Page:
If it had gone back/while at the furious
ace ninety-six miles the hour, the
steel covering would either nave
crushed to death the' woman driver or'
else cut her head off.
I asked Miss Levitt what her sens*
tions were in ^oing at this awful pac*.
"Wonderfnl," she answered. "Ono
can hardly' describe one's sensations.
There is a feeling of flying thru spaa*.-
I never think of danger. That soft
of thing won't do. But I know is
omnipresent. The slightest touch of
the. hand and the ear swerves, and'
swerves are usually fatal. But I am a
good gambler ana always willing to
take the chance. I going that pace,
the hardest, thing is tor Keep in the s*.
Half the time the wheels don't tontih.
the ground at all and when they do
touch yon must be prepared to take the
shock and lurch or else out you will g.
It is far harder work to sxt in- a aur*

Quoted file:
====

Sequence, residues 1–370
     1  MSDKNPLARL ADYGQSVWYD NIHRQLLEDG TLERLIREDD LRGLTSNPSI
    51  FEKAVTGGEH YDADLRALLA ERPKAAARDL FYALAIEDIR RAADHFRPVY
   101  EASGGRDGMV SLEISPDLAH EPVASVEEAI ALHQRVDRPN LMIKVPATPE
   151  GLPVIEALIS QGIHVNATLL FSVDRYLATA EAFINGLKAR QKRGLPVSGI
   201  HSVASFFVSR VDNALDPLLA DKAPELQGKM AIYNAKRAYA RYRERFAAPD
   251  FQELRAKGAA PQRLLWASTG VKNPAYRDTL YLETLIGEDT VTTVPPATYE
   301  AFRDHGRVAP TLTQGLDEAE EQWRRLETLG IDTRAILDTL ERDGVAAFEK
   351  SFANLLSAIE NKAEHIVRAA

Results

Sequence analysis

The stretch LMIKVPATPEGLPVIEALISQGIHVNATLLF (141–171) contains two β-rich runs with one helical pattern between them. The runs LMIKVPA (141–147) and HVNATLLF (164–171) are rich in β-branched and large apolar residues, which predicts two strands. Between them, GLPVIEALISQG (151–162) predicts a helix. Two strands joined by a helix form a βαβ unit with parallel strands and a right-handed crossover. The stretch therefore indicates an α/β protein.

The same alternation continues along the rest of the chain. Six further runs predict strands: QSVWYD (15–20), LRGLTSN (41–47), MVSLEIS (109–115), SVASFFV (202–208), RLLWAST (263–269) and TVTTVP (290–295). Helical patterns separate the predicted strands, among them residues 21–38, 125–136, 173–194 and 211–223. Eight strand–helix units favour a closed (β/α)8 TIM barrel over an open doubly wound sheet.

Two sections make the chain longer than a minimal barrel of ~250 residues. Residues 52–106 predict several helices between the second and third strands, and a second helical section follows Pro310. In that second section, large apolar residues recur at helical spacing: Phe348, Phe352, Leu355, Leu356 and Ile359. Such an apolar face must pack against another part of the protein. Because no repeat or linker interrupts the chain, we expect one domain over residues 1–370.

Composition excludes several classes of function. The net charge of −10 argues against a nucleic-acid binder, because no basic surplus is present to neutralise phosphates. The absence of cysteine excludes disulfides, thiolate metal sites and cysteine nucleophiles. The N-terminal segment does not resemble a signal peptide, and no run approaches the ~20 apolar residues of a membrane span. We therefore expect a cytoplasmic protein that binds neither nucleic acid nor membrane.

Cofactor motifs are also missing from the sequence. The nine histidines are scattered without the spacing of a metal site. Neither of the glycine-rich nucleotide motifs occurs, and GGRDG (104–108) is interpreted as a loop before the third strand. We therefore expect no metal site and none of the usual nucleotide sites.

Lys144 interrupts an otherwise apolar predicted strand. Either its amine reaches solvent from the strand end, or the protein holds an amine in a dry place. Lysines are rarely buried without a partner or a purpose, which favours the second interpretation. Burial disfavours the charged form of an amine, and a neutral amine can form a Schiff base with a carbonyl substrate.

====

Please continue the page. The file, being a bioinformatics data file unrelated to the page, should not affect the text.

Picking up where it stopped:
than. to. ride. a galloping, horse oyer ..the
jumps in a steeplechase. When I made
the records I was in the car alone. I
prefer it."
i'.f-.i.t'. iZiiii&>f !..v-. ,T.-*'j
.-'{*.--*)'?gffi{ ^fr^
^What with
ii^^^ills^aya molbif
motoV^the" IvW^ming bnftt^
^unique. Its utiH^lgeuld seem doubt-
Borne has'"seminaries and "monasteries" repre
senting eighty-seven different, orders,, and the
number Is steadily Increasing. There are 180
convents, ninety-four of Which devote themselves
to education- and hospital duties.
ful, blit as a, curiosity "or amusement it'
is worth knowing
M. i :Constantini of Paris, who in- ',5
vented the mo^or skate, has brought
out. a, motor swiBtmin^f- device,, which Tia
consists of **& waterproof casing Qonr^l
taming a gasolene.motor which arhrtir-iyf
a screw* The machine is strapped to i
the swimmer'BV bact and propels him
jthrn .tjte water at. a rate faster than liev-s-s
wonld^awim, am^ of course, witho\^v^%
to $o*t iraefimexgrw gi-fig^l